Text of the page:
different from the one existing in northern Norway.

c. As regards the question of the applicability of Article 4, paragraph
(3), sub-paragraph (d), of the Convention - "any work or service which
forms part of normal civic obligations"

The Respondent Government, in its observations of 7th January 1963, its
Reply and during the oral hearing, submitted without prejudice to its
main conclusion, that it was a part of "normal civic obligations" for
a young dentist to serve in the public dental service and, in any
event, for the Applicant to fulfill the agreement which he entered into
with the Ministry for Social Affairs, to serve one year as a district
dentist in Moskenes.

The Applicant's Counsel submitted that the compulsory service imposed
upon dentists was not a part of the general civic obligations of all
nationals but affected only a very limited group of people. The Act of
1956 was clearly not covered by paragraph (3), sub-paragraph (d). Two
conditions inherent in this clause were that the service must be
"normal" that was part of the usual and ordinary obligations in the
State, and must be a "civic obligation", that was to say, the kind of
work or service which could be asked on an equal basis from all or a
substantial part of the citizens. Neither of these conditions was
fulfilled.

10. As regards the alleged violations of Articles 8 and 11 of the
Convention

As regards the alleged violations of Articles 8 and 11 of the
Convention

The Respondent Government made no submissions in respect of these
alleged violations.

The Applicant's Counsel, in his rejoinder and during the oral hearing,
submitted that the compulsory direction of dentists to posts in which
they did not wish to serve would amount to an unwarranted interference
with their rights to respect for private and family life under Article
8 and with their freedom of association under Article 11. He referred,
in respect of the latter issue, to the ILO Conventions Numbers 87 and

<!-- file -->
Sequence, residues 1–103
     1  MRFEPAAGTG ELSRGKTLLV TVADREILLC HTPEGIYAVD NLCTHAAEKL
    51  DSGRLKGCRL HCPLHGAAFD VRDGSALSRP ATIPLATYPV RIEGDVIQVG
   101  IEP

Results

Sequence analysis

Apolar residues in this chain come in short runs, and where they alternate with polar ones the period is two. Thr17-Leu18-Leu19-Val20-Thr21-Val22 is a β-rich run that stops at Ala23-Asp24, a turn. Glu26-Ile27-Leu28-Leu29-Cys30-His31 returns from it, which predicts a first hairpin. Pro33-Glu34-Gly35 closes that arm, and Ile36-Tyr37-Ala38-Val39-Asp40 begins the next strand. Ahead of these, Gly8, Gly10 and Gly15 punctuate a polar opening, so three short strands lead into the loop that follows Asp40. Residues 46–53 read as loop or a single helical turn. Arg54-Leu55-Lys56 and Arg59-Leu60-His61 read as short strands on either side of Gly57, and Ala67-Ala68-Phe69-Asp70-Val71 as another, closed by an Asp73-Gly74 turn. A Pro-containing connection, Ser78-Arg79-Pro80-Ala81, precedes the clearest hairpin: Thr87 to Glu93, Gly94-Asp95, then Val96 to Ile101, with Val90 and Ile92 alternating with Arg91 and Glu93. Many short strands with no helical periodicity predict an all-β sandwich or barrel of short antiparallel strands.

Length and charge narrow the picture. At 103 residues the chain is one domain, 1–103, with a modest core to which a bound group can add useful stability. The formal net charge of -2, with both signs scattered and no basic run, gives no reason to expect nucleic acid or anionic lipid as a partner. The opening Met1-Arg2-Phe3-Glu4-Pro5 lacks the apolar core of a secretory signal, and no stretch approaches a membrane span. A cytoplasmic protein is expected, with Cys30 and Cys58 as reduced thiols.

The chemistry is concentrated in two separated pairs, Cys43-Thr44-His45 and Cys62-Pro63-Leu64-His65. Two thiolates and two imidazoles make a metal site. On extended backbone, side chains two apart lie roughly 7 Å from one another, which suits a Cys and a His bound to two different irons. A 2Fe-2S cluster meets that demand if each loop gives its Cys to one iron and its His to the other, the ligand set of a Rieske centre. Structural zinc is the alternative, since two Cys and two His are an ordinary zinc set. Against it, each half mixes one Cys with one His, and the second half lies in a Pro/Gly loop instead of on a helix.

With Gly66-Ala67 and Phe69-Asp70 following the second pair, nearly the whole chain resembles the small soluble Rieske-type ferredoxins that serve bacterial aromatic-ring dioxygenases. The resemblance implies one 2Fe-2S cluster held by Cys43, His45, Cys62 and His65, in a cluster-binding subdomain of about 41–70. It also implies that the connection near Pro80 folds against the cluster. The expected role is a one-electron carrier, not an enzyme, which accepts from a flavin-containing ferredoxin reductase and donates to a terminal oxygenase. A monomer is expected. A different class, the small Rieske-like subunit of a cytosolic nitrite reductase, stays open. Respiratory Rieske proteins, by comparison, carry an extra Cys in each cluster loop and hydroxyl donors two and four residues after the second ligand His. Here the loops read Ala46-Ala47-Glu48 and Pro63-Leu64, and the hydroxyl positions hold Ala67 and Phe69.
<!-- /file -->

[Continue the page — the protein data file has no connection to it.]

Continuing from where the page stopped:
98 concerning the Freedom of Association and the Right to Bargain
Collectively.

THE LAW

As regards the contention that the Applicant did not observe the six
months' time-limit laid down in Article 26 (Art. 26) of the Convention

Whereas Article 26 (Art. 26) provides that "the Commission may only
deal with a matter ... within a period of six months from the date on
which the final decision was taken"; whereas the decision of the
Supreme Court, which was the final decision in this case, was given on
16th December 1961;

Whereas, in regard to this Application, the first letter sent by the
Applicant's counsel to the Secretary of the Commission was dated 8th
June 1962; whereas this letter arrived at the Council of Europe on 12th
June 1962;

Whereas the Respondent Government has submitted that the date of the
filing of this Application should be considered as 18th June 1962,
being the date on which the Application was entered in the special
register provided for in Rule 13 of the Commission's Rules of
Procedure; whereas, in this connection, the Government has referred to
Rule 48, paragraph (2), of the Rules of Procedure which provides as
follows: "... For the purpose of determining any time-limit, the date
of the filing of the pleading with the Secretariat-General of the
Council of Europe shall alone be taken into consideration";

Whereas it is necessary to distinguish in the introduction of an
Application between its deposit with the Secretariat-General and its
registration by the Commission; and whereas, if Rule 48, paragraph (2)
is applicable to the introduction of an Application, it is clear,
particularly from the French text, that the date of its deposit is at
the latest the date of its acknowledged arrival in the
Secretariat-General; and whereas, since the Application in the present
case was dated 8th June and arrived in the Secretariat-General on 12th
June, the time limit required by Article 26 (Art. 26) was observed;

Whereas, consequently, the Commission unanimously rejects this first
objection made by the Respondent Government as to the admissibility of
the present Application.

As regards the contention that the Application is incompatible with the
provisions of the Convention

Whereas the Respondent Government has contended that the Application
is incompatible with the provisions of the Convention in that the
Applicant, in his application form, claims a form of redress which is
outside the competence of the Commission; whereas it was further
submitted by the Government that the claims as "re-written" by the
Applicant in his counter-observations of 1st March 1963 also fell
outside the scope of the competence of the Commission;

Whereas it is true that the Convention does not confer upon the
Commission any competence to declare invalid an Act passed by a
national parliament, or to declare invalid an administrative order
issued by a competent national authority or to give a decision that a
judgment of a national court cannot be enforced;

Whereas, however, in his application form, the Applicant, in
unequivocal terms, made the allegation that the Provisional Act of
1956, as applied to the Applicant, violates Article 4 (Art. 4) of the
Convention; whereas he has thus clearly indicated the legal basis of